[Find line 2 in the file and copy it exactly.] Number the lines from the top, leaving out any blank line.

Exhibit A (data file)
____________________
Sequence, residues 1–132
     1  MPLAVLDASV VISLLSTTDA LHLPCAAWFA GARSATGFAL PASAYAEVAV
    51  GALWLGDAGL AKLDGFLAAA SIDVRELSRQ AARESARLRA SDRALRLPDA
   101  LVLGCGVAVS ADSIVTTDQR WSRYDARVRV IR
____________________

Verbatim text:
     1  MPLAVLDASV VISLLSTTDA LHLPCAAWFA GARSATGFAL PASAYAEVAV